Now we're getting into the fun stuff - castles. I love castles. Especially furnished-like-back-in-the-day castles. And heaven help me if the staff are in costume.

Château de Chenonceau in the Loire Valley, France.

After our enjoyable yet soggy tour of Normandy, we headed into the Loire Valley for a good dose of sunshine and châteaux. We had a lovely time.

Not so lovely was Morning 1 of Day 1 when the 2 yr old found our holiday home's game stash. He upended 4 jigsaw puzzles of 1000 pieces each on the carpet. Is it okay to admit I wanted to throttle him?

4000 mixed up pieces of jigsaw puzzle.
Why you little...

One had a green coloured backing but the other three were very similar shades of blue. It took a long, long time to sort them out.

After the jigsaw debacle we headed off to visit the elegant Château de Chenonceau.

The moats around the Château de Chenonceau in the Loire Valley, France.

Chenonceau is also known as the Château des Dames (Ladies' Castle) due to the women who helped shape its history:
  • The castle's construction (starting 1515) was supervised by Katherine Briçonnet, the wife of the finance minister who bought the property. It was eventually taken over by King Francis I due to the family's unpaid debts.  
  • King Henry II gave the castle to his favourite mistress, Diane de Poitiers in 1547. She built the arch bridge to the opposite side of the river Cher. 
  • When Henry II died, his widow Catherine de Medici kicked Diane's arse out of there and moved in with her son, the young King Francis II. She built a gallery over the bridge and held huge parties there. 
  • When King Henri III (Francis' brother) died, his widow Louise of Lorraine moved in and mourned there until her death in 1601.
  • Louise Dupin, wife of the wealthy squire who bought the castle, breathed new life into the château and saved it from destruction during the French Revolution.
  • Marguerite Pelouze, wife of a squillionaire chemist, restored the castle in 1865 to that of the times of Diane de Poitiers. 
  • A wealthy chocolate magnate bought the castle in 1913. He paid to convert the castle to a hospital during WWI and his daughter, Simone Menier, served as matron. Simone was also rumoured to be active in the French Resistance during WWII (the castle was in occupied territory but the opposite bank was not - hence the bridge became a great asset to the Resistance).
I hope you found that as interesting as I did. I love those crazy royals and all the wild stuff they got up to.

Château de Chenonceau main entrance
The main entrance

Guards' Tower at Château de Chenonceau, France.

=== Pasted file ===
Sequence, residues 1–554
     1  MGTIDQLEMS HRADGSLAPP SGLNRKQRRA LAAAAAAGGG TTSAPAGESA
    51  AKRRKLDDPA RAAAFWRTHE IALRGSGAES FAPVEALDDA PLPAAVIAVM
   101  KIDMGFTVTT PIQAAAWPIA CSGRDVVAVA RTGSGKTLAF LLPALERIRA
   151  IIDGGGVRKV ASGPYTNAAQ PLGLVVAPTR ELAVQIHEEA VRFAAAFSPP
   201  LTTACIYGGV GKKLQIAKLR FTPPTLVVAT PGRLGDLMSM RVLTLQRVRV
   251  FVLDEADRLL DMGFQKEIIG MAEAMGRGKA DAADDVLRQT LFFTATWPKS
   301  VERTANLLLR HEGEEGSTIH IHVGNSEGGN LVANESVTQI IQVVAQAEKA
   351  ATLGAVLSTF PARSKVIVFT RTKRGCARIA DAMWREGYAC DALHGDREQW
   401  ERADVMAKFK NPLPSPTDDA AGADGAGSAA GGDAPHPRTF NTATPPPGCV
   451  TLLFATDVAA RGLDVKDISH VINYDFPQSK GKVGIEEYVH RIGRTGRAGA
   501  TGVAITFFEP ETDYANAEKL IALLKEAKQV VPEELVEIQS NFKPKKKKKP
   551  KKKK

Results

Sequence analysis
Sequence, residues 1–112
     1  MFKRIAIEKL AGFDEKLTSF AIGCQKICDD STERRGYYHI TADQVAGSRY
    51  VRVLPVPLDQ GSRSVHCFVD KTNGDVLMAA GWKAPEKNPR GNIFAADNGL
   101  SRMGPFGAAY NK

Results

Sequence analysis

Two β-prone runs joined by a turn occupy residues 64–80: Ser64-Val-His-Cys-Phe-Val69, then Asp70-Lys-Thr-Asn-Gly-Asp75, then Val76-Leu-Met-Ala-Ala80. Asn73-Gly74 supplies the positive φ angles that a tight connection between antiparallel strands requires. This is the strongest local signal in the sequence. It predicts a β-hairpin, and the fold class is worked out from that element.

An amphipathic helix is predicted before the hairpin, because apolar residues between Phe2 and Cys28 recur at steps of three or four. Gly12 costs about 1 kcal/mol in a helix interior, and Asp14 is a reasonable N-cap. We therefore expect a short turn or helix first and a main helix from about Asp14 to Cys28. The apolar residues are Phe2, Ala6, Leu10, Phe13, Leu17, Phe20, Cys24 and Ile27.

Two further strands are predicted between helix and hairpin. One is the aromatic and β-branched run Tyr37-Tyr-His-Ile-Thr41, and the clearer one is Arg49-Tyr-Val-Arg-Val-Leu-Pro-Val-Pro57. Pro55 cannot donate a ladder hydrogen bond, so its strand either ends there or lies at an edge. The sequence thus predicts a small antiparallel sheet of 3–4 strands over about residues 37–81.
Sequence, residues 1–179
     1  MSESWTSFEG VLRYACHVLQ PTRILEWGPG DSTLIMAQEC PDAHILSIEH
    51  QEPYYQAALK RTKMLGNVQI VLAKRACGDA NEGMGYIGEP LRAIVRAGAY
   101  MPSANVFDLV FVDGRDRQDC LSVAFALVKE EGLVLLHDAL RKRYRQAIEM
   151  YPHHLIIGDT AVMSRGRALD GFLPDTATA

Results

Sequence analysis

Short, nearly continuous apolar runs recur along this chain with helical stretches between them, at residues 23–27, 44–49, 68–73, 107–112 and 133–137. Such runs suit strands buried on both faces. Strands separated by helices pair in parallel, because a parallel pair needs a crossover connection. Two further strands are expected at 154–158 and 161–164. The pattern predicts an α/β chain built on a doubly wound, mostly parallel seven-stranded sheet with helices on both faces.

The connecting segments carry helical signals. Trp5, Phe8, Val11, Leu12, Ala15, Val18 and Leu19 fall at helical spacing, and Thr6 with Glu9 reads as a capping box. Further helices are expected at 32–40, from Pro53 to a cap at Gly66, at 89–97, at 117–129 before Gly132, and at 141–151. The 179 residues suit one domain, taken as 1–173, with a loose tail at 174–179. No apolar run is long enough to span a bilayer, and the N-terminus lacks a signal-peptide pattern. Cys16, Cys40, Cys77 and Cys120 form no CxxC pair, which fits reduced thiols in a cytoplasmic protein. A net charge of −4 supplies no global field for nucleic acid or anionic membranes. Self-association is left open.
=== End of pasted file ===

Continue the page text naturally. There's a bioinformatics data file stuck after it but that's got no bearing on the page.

The Guards' Tower

Swallows' nests on the Guards' Tower at Château de Chenonceau
Cheeky swallows building nests on the Guards' Tower

Chenonceau certainly feels like it's had a woman's touch - it's more homely and relaxed than a castle should be.

This is helped by the staff (sadly not in costume) lighting the fire in each room:

Château de Chenonceau in the Loire Valley, France.

And also ensuring every room has an arrangement of fresh flowers from the many gardens that are on the grounds:

Château de Chenonceau in the Loire Valley, France.

It still has all the adornments you'd expect of a royal residence:

Ornate wallpaper in gold floral designs
Work of art wallpaper

Château de Chenonceau in the Loire Valley, France.
One of the ceilings. What's with the sweating ice cream cones with wings?

Château de Chenonceau in the Loire Valley, France.

Château de Chenonceau in the Loire Valley, France.
Louis XIV in the most over-the-top frame I've ever seen

Château de Chenonceau in the Loire Valley, France.
Vaulted ceilings

Château de Chenonceau in the Loire Valley, France.
King Francis I's drawing room. Hmm. No comment.

A reminder of the gallery's use in WWI:

Château de Chenonceau in the Loire Valley, France.
2254 injured were cared for here during the War 1914-1918

The grounds are gorgeous and the kids really enjoyed all the moats:

Château de Chenonceau in the Loire Valley, France.

Not to mention the gardens, the small farm, playground and hedge maze.

Château de Chenonceau in the Loire Valley, France.

A beautiful castle with an interesting history - needless to say we recommend a visit to Chenonceau.

Château de Chenonceau in the Loire Valley, France.

Especially on a sunny day.

Have a great week, everyone!